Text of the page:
A person who suffers from dysthymic disorder has generally learned to live with a fair amount of chronic unhappiness in their lives and so the therapist cannot go by the mood on a particular dayl He must first identify the thoughts associated with the patient’s distress. In dysthymia, these thoughts may concern the patient’s self-view, his or her representation of a significant relationship, or a meaningful situation.
Goals will vary according to type of therapy. The emphasis in Cognitive Therapy is to effect changes in one’s faulty or distorted way of thinking and perceiving the world. Interpersonal therapy focuses on an individual’s relationships with others and how to improve and strengthen existing relationships and an attempt to accommodate new ones. Solution-focused therapy looks at specific problems affecting the person’s life in the present and examines how to best go about changing the person’s behavior to solve these difficulties. Social skills training focuses on teaching the client new skills on how to become more effective in social and work relationships.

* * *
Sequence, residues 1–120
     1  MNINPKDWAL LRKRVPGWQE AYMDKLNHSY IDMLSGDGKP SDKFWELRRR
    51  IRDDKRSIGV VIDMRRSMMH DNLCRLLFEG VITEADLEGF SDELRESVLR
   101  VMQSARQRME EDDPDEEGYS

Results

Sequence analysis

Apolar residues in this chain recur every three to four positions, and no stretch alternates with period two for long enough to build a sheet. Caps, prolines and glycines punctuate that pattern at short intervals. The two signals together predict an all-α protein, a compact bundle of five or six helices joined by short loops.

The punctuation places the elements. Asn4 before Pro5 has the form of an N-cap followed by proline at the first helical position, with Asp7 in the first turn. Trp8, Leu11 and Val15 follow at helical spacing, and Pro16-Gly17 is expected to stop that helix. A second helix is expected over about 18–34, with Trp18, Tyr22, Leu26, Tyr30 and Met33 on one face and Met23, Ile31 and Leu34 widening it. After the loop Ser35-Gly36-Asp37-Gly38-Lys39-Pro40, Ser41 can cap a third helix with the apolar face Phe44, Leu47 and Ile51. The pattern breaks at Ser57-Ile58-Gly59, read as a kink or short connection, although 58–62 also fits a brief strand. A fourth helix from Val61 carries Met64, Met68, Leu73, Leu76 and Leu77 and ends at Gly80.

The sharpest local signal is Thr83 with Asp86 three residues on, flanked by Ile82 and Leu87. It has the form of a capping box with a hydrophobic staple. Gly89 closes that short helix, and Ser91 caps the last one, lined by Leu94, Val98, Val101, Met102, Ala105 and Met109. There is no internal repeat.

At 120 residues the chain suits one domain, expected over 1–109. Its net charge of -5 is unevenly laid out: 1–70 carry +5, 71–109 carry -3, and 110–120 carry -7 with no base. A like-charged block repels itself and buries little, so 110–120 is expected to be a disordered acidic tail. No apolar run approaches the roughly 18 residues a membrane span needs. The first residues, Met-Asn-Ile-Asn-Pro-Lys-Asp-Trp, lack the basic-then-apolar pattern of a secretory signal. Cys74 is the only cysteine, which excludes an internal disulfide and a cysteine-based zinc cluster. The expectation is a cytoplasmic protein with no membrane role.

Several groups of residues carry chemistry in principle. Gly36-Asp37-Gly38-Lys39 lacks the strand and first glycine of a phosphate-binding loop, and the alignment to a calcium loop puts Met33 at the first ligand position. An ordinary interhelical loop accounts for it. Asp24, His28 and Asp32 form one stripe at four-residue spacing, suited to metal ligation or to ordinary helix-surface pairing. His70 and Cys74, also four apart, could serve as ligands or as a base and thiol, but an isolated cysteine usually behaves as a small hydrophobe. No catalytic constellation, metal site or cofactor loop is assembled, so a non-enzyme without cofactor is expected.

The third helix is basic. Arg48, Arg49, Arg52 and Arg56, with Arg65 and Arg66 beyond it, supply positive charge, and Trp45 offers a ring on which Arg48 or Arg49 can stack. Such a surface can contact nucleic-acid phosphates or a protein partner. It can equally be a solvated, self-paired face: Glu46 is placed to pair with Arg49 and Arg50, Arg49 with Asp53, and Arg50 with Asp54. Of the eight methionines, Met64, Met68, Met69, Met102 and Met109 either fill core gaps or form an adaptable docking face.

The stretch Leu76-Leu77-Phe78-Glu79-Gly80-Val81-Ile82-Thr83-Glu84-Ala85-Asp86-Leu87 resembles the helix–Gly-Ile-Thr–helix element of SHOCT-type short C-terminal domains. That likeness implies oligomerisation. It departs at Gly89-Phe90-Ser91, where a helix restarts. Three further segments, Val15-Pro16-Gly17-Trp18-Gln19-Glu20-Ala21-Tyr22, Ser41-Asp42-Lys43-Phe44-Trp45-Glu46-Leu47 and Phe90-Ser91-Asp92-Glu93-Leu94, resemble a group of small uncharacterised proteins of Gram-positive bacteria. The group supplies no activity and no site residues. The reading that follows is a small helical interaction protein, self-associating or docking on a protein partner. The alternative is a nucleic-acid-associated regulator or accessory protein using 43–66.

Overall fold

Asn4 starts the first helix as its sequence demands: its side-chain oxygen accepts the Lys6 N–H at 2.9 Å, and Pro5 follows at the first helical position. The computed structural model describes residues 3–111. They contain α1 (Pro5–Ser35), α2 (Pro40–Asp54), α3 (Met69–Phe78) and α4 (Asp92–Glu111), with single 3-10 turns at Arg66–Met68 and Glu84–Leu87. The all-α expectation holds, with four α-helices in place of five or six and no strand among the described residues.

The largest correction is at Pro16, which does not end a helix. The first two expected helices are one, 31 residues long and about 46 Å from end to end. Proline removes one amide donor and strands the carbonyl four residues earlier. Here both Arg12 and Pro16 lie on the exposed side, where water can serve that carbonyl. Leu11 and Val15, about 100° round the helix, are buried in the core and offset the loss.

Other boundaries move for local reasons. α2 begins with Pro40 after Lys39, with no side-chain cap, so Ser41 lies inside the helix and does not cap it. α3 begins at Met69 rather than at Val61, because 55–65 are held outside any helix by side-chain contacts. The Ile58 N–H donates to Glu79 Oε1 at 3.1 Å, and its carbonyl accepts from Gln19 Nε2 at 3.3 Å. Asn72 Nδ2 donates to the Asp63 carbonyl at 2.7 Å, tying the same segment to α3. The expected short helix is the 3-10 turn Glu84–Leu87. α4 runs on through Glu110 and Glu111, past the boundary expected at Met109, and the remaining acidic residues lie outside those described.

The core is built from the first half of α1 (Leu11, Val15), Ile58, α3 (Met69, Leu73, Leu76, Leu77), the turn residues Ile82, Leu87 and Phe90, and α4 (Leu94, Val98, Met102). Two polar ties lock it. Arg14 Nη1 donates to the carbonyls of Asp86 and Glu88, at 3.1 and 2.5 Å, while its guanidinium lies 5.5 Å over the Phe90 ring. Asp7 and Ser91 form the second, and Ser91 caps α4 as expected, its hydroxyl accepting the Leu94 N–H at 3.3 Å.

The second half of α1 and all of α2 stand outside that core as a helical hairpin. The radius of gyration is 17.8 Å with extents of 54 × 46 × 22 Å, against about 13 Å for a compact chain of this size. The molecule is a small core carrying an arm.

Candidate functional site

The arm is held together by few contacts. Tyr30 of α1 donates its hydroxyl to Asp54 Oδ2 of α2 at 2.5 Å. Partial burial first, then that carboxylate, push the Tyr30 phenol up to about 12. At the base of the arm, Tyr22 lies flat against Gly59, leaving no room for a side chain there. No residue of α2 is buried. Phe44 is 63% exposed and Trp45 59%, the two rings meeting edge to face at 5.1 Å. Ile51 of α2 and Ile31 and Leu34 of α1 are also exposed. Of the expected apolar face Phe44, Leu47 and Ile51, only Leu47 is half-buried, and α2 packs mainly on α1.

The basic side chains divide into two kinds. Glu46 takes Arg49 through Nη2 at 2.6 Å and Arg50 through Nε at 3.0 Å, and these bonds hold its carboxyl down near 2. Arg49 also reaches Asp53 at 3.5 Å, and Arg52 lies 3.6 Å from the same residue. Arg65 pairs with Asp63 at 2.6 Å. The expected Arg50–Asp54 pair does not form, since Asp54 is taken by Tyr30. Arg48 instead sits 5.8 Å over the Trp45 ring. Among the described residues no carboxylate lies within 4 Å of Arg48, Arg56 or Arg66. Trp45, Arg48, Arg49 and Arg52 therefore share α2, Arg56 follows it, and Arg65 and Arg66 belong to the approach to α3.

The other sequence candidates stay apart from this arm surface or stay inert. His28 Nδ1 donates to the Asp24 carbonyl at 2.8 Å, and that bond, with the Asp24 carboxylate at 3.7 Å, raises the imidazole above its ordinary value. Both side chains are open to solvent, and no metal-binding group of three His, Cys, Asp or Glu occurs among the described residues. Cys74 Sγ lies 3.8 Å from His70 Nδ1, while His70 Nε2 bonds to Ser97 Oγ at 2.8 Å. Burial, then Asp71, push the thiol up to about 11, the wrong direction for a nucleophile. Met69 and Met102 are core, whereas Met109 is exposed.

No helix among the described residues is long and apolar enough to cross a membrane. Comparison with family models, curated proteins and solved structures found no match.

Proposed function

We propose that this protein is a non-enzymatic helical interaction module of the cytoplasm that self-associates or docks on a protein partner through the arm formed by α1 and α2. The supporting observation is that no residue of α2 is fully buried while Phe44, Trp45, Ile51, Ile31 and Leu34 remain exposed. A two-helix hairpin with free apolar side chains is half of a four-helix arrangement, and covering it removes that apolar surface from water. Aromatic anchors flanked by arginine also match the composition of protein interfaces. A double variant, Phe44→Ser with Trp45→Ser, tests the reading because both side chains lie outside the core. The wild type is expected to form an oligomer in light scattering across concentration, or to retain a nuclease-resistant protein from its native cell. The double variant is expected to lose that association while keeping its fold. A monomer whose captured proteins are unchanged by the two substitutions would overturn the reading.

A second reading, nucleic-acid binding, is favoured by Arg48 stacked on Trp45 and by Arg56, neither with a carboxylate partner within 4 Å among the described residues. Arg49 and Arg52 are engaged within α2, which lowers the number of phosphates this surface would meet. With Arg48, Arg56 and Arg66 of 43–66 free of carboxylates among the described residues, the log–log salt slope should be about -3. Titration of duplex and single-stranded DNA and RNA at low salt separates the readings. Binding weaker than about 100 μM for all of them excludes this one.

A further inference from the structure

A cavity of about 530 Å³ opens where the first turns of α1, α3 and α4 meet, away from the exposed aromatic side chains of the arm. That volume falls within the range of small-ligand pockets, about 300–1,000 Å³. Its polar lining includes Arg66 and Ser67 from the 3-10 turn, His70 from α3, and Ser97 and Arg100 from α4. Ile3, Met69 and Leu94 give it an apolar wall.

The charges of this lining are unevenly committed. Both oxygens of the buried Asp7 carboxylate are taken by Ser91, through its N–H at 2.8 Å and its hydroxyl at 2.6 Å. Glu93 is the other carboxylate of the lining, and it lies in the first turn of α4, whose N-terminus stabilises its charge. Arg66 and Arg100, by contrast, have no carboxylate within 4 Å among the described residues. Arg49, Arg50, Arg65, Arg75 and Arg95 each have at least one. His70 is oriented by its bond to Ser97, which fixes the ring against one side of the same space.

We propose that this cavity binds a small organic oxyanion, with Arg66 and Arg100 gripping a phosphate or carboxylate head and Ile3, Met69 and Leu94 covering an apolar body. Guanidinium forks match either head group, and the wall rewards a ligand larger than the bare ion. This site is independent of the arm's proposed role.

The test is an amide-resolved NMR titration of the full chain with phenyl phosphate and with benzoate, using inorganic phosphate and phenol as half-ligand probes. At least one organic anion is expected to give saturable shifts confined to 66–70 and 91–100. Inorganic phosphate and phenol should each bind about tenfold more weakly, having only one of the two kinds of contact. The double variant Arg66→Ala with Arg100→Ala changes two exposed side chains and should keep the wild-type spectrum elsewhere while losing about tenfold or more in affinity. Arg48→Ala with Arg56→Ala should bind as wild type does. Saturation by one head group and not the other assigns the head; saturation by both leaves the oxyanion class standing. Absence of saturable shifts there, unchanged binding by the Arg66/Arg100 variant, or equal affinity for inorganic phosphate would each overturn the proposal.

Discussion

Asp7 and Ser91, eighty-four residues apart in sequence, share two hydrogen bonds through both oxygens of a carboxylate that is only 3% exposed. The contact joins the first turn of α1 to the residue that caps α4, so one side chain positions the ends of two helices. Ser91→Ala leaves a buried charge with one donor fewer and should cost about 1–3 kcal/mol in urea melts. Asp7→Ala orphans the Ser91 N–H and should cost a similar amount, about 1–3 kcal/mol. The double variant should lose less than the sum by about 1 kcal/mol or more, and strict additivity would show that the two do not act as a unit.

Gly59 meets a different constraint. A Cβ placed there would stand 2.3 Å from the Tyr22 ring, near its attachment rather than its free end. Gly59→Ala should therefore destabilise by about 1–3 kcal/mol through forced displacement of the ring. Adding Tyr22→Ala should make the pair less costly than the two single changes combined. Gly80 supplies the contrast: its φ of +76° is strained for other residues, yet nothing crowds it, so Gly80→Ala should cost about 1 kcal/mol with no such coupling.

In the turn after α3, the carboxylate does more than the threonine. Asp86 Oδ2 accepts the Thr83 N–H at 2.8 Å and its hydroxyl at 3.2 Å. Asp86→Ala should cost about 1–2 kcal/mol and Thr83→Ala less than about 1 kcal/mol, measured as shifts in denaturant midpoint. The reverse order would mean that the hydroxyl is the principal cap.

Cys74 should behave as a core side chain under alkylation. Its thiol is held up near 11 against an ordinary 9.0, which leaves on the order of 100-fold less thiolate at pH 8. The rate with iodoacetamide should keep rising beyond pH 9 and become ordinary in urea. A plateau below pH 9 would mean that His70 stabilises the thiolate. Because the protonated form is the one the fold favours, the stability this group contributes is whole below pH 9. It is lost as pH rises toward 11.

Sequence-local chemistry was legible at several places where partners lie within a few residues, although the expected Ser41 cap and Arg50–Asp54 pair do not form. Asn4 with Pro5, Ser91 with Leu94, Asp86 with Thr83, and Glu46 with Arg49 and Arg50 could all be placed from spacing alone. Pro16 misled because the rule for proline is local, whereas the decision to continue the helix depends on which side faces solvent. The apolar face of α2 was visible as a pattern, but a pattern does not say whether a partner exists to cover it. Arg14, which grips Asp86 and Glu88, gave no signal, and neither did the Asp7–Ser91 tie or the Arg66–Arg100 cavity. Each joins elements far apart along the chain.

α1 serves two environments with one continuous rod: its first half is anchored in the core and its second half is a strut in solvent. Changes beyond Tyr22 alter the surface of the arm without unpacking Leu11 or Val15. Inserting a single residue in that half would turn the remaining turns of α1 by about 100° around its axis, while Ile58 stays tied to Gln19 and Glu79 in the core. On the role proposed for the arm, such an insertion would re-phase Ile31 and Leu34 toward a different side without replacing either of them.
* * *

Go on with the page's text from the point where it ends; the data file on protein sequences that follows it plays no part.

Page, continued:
Dean Schuyler Evidence–based Review Short-term cognitive therapy shows promise for dysthymia Vol. 1, No. 5 / May 2002
Krishna continued to suffer from low self-esteem and a pervasive sad mood, with occasional congruent delusions of reference and delusional exaggerated fantasy, when assessed midway from onset of the integrated therapy. By the end of the intensive integrated therapy sessions at TriMed-Neurokrish, he was much more stable, and was on the bench at his IT job, preparing with a greater level of confidence for active work to be initiated with the clients.